Hi! My name is Sherrell Daley and I am a first year MA Public History student at American University. I am from Brooklyn, New York and I received my bachelor’s degree in History at Allegheny College. I studied a variety of historical topics during my undergraduate career, but the topic that interests me most is Modern U.S. and Urban history. In junior year, I decided that I did not want my work to be only seen in academia, so I decided to take the public history route. Also during my junior year, I was able to curate and archive my own exhibit, which made me gain a passion for curatorial work. And now I am here!

In the MA Public History program, I hope to gain more valuable knowledge of practical history beyond academia. I am excited to get practical experience that I can use throughout my career as a public historian. I hope to learn more about public history and how we as historians can make museums more accessible and enjoyable for everyone, not just the select few. In the future, I hope to get my PhD in history, so I can become a curator in a museum that displays Modern Urban History (particularly the Museum of the City New York, but any cool museum will do.) I would also like to incorporate museum education with my curatorial work to make museums more visitor friendly. Completing this course, I would like to learn more about digital history and how to produce historical exhibits in a digital format. I hope to be able to produce both physical and digital exhibits in the future as well. I can’t wait to learn and work with all of you!! Good luck this semester! Cheers!

Introduction: Sara Ulanoski

Hi there! My name is Sara Ulanoski, and I am a first-year Public History Masters student at American University. I am from Louisville, Kentucky, where I graduated Summa Cum Laude with bachelor’s in history and anthropology at the University of Louisville. I moved to Washington D.C. in August, and I have loved exploring the city so far. Some of my favorite things to do outside class and work are go to happy hour and explore the city.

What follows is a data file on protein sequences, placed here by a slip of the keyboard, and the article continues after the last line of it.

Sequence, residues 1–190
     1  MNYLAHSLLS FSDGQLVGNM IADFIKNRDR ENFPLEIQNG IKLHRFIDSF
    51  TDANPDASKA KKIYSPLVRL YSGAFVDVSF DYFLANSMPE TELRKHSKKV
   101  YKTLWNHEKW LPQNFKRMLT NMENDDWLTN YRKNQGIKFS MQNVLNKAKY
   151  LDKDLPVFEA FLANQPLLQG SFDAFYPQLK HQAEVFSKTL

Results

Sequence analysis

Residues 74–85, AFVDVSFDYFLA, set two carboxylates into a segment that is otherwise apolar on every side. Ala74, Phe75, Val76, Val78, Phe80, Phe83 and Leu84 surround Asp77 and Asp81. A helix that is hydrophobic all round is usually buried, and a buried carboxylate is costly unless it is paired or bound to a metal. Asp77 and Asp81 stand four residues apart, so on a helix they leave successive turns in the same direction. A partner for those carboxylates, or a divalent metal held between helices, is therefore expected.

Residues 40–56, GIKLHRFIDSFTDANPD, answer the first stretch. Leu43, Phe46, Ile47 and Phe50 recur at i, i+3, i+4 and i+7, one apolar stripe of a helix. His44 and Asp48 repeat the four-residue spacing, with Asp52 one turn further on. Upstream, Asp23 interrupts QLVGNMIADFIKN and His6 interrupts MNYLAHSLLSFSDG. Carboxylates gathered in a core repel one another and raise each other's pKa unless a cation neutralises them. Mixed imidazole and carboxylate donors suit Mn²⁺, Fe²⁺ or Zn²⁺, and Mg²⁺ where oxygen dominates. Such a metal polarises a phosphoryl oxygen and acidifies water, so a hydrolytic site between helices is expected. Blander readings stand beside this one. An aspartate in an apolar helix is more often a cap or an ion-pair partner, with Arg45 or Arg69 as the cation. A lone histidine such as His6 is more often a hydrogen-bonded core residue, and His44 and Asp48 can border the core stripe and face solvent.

Currently, I am a middle school Social Studies teacher at an all-virtual Catholic school based in Virginia. I have known since I was a freshman in college six years ago that I wanted to work in a museum, and I have had a passion for teaching for even longer than that. When I graduate, I plan to combine those two interests by pursuing a career in museum education. Outside of museum education, my interests in history are pretty broad, but my favorites are histories of social justice and social movements in the late 20th century. During undergrad, I wrote my senior thesis on Public History, social justice, and Japanese American Redress.

At American, I hope to learn more about community-based museum design, inclusive design, and the best practices within the field. I am excited for the practicum class I am taking this semester because our team will be working with the curators of the “Girlhood” exhibit in Smithsonian’s National Museum of American History. In this class, I am most concerned with how historians can use technology to extend learning for students. I have already witnessed an amazing example of a museum using videogame technology to engage students with the history of Thanksgiving (I actually assigned this game to a few of my classes). Offering educators these types of tools can make a significant impact on changing how history is taught in schools for the better.